LOS ANGELES, CA.-
Juliens Auctions, the world-record breaking auction house to the stars, will honor one of the most influential music icons and guitar heroes of the progressive rock metal genre with Property from the Archives of Alex Lifeson, a centerpiece of their premiere music auction event, Music Icons, taking place Friday, May 20th, Saturday, May 21st, with the Rush legends auction as the grand finale on Sunday, May 22nd, 2022 live at Hard Rock Cafe in New York and online at juliensauctions.com
More than 100 lots featuring signature guitars, instruments, wardrobe, gear and memorabilia owned and used by Alex Lifeson, the legendary Rock and Roll Hall of Fame guitarist and co-founder of Rush, one of the best-selling progressive rock groups of all time, who have sold more than 40 million records worldwide in the groups four decade and counting history of record-breaking tours and performances, will be offered to the public for the first time.
With Geddy Lee on vocals, bass and keyboards, Neil Peart on drums and Lifeson on guitar, the band would become the enduring lineup of the iconic Canadian progressive rock band known to the world as Rush (photo left: Whitey Gibson electric guitar). After hitting the Toronto rock music scene and releasing their first single, a cover of Buddy Hollys Not Fade Away, the band released their self-titled debut album Rush in 1974 which contained their first hit single Working Man featuring Lifesons guitar work, hailed by Guitar World as one of the greatest guitar solos of all time. The popular fan favorite song brought them to the U.S. and a recording contract from Mercury Records who released their next two albums, Fly by Night and Caress of Steel. But it was in 1976 that the band would have their biggest breakthrough and worldwide recognition with the release of their album 2112, considered Rushs masterpiece and a rock music landmark with its 20-minute title track divided into seven sections. The platinum selling album began Rushs streak of sold-out arena tours in the U.S. and Canada and the phenomenon of its worldwide cult fan base. In 1976, the group released its first live album, All the Worlds a Stage, a double live album of their 1976 three-night stand at Massey Hall in Toronto during the bands epic 2112 tour. The bands sound evolved further into the direction of progressive rock inspired by the likes of the groups, Yes and King Crimson, with the U.K. recording of their next albums, 1977s A Farewell to Kings and 1978s Hemispheres. With the 1980 release of their Top Five U.S. charting album Permanent Waves, featuring their smash hit The Spirt of Radio, Rush became one of the most successful bands in the world with their popularity soaring to greater heights with the release of 1981s Moving Pictures. The blockbuster album featured their biggest and most revered classics, Limelight, Red Barchetta, YYZ and Tom Sawyer, one of the most played songs on classic rock radio in the world and Rushs most popular song of all time, which became the bands best-selling and most commercially successful album in the U.S. hitting Number Three on the Billboard Charts and selling four million copies.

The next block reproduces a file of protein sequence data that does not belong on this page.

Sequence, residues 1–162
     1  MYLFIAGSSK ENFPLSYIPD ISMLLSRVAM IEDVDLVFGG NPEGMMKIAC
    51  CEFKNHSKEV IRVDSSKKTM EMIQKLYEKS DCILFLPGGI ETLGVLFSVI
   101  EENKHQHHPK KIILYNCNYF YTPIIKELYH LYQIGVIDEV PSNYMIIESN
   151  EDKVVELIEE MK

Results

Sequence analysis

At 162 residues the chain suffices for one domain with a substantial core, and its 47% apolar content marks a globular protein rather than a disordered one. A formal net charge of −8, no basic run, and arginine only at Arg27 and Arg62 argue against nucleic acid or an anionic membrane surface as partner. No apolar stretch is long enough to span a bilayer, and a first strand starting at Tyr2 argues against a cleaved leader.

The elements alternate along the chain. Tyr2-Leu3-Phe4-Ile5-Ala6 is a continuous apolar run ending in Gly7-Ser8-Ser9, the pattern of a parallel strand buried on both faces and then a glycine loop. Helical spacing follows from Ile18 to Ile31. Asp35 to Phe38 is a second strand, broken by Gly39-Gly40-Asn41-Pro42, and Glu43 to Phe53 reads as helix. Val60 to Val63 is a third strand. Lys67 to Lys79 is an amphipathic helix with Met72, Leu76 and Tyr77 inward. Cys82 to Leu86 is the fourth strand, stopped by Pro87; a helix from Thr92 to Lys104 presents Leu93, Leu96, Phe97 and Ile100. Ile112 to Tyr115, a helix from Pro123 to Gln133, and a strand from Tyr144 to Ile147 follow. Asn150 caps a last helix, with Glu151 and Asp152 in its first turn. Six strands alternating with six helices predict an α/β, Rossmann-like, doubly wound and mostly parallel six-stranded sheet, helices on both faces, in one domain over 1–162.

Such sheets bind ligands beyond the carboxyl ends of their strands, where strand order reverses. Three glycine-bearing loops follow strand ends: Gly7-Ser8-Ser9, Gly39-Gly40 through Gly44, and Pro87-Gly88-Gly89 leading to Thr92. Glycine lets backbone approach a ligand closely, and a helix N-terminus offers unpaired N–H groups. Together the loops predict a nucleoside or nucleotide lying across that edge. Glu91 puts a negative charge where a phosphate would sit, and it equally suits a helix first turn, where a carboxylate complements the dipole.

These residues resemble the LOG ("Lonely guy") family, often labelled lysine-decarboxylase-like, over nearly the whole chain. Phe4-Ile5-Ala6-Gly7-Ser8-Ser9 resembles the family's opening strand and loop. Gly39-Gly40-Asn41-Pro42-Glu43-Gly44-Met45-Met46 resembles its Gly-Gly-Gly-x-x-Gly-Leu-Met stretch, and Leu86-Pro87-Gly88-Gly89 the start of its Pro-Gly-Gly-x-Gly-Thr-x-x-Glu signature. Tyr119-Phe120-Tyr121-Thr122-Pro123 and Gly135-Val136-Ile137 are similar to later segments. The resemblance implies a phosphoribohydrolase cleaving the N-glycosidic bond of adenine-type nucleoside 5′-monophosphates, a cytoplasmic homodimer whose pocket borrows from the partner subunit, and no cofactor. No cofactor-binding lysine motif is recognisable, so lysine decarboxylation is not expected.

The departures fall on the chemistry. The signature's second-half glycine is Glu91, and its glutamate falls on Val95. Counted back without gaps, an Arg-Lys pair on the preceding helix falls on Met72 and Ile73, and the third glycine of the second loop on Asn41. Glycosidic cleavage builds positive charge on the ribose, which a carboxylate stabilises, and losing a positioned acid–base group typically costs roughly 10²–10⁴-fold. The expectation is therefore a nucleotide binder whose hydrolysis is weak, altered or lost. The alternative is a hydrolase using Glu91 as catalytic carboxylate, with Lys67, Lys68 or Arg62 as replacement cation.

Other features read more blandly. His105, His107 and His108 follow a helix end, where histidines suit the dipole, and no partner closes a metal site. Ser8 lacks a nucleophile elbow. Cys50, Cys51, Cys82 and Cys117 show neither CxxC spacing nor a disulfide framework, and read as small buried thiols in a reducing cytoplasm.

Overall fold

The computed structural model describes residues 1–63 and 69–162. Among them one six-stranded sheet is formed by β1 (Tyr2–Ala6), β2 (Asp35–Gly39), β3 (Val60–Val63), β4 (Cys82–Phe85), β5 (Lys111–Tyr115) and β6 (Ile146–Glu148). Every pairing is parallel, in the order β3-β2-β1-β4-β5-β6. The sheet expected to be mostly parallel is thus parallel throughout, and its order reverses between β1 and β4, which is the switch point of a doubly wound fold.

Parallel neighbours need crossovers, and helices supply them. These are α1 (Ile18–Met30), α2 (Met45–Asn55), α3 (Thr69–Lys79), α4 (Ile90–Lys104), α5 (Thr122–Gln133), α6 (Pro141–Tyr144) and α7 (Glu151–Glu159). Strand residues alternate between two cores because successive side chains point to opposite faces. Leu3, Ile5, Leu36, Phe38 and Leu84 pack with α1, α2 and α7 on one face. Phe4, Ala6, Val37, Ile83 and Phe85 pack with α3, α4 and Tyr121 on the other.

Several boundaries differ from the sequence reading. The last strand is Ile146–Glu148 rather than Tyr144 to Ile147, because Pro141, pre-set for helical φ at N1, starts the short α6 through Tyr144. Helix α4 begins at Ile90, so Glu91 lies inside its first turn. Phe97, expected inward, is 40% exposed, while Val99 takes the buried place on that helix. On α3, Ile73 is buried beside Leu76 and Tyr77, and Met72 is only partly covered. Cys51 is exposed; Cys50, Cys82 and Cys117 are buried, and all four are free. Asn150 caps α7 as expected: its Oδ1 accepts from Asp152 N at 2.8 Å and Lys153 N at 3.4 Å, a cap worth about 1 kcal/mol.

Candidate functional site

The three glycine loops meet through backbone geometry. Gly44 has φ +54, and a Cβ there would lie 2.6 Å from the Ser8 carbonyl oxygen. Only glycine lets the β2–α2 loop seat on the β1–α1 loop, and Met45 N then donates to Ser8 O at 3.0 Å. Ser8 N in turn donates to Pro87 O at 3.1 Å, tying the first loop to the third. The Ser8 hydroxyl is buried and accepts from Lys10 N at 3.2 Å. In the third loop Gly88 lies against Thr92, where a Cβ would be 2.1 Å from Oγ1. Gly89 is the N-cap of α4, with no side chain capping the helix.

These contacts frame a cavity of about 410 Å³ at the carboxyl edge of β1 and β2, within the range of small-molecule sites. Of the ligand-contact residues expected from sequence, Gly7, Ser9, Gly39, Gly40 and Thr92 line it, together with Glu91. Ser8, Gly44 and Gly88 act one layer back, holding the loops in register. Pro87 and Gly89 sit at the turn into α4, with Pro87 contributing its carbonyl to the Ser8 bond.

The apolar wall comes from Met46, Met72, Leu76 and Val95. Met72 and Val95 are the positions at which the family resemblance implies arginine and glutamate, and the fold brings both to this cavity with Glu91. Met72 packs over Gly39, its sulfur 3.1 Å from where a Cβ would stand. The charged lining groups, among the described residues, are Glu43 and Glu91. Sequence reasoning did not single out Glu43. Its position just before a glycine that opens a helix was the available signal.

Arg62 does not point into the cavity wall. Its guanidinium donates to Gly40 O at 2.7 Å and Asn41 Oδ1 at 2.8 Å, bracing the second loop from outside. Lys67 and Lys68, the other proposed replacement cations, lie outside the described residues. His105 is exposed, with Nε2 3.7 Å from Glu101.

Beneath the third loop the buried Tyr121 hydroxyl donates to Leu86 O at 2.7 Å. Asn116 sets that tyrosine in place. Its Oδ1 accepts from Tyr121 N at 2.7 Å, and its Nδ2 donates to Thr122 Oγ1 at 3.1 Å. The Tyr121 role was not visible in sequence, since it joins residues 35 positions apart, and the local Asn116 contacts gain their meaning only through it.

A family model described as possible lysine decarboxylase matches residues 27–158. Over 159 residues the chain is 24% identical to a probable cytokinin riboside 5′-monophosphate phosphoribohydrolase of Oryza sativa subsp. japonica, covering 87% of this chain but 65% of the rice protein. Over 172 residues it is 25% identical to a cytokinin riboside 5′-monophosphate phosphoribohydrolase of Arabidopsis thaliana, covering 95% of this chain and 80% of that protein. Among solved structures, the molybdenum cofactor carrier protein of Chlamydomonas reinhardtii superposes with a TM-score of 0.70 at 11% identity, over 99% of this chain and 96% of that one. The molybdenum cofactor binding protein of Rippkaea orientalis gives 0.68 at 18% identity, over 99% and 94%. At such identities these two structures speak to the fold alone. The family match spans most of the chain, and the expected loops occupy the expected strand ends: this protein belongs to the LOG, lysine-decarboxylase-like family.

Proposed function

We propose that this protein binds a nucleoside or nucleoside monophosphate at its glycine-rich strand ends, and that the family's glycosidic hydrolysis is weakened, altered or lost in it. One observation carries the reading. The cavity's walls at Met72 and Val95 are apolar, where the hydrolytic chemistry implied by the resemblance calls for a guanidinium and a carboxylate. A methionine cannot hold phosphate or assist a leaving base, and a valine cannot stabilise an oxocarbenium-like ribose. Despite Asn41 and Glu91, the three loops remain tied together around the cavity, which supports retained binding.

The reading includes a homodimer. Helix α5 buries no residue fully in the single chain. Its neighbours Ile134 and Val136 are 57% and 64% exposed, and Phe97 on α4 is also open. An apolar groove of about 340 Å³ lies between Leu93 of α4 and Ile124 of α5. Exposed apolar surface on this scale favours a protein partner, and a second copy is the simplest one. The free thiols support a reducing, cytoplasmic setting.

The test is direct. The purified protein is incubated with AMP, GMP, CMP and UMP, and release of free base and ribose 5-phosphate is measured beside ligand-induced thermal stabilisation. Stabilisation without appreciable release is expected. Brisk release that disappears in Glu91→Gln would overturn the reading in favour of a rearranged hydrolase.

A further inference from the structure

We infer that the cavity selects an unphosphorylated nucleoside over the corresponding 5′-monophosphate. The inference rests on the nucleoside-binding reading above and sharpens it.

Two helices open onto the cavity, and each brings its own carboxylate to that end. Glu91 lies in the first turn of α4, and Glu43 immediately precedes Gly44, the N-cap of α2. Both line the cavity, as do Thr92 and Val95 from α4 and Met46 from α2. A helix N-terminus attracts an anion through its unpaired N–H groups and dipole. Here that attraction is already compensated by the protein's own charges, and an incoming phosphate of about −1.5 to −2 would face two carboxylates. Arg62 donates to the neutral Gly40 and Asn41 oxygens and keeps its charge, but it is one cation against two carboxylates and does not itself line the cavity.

In addition to playing electric and acoustic guitars with Rush, Lifeson is renowned for his multi-instrumental repertoire of playing other string instruments such as mandola, mandolin and bouzouki, as well as keyboards and bass pedal synthesizers throughout his musical work with and outside of the band, putting his own signature of sonic experimentation with riffing, electronic effects and processing and unorthodox chord structures. Throughout the 1980s and 1990s, that experimentation and progression would be heard in the bands 1982 album, Signals, featuring their only U.S. Top 40 hit New World Man with the sound of synthesizers along with elements of ska, reggae and funk. They transitioned back to the bands core of guitar, bass and drums with Lifesons acclaimed work on the 1989 album Presto, 1993s Counterparts featuring their Grammy nominated song Leave That Thing Alone, 1996 album Test for Echo and 2002 album Vapor Trails, where Lifeson used over 50 different guitars and was hailed by Guitar Player as his most rabid and experimental playing ever.
In 1996, Lifeson released his first solo project Victor, named the title track from the W. H. Auden poem Victor with both his son Adrian and wife Charlene also contributing to the album. His dynamic body of work includes instrumental contributions and guest appearances such as the guitar solos of Crying Over You and Holy Water on Platinum Blondes 1985 album Alien Shores; Lawrence Gowans 1990 album Lost Brotherhood; guests tracks on Tom Cochranes 1995 album Ragged Ass Road, Like a Girl from I Mother Earths Scenery and Fish album; The Little Drummer Boy on the 1997 album Merry Axemas: A Guitar Christmas; Anesthetize on Porcupine Trees 2007 album Fear of a Blank Planet and Sacred and Mundane on the Tiles 2008 album Fly Paper. In 2006, Lifeson provided the original soundtrack material for the popular Trailer Park Boys: The Movie, where he would later guest appear in the franchises later films as well as voice the character Big Chunk in the animated series.
He is also a composer and producer whose credits include the theme for the science-fiction TV series Andromeda; songs on the 3 Doors Down album Away from the Sun; Keram Malicki-Sanchezs 2014 album Come to Life - playing guitar on the songs Mary Magdalene, Moving Dark Circles and The Devil Knows Me Well, and on Kerams subsequent singles Artificial Intelligence, That Light, and Rukh as well as being featured on Marco Minnemans 2017 release Borrego, Fu Manchus 2018 Clone of the Universe album and more. Subsequent Rush recordings and touring include their 30th anniversary 2004 EP Feedback which featured their covers of Cream, The Who and the Yardbirds songs, 2007s Snakes & Arrows, 2011 live album Time Machine 2011: Live in Cleveland and 2012s Clockwork Angels. Rush ranks fifth for most consecutive gold or platinum studio albums, after the likes of The Beatles, The Rolling Stones, Kiss, and Aerosmith.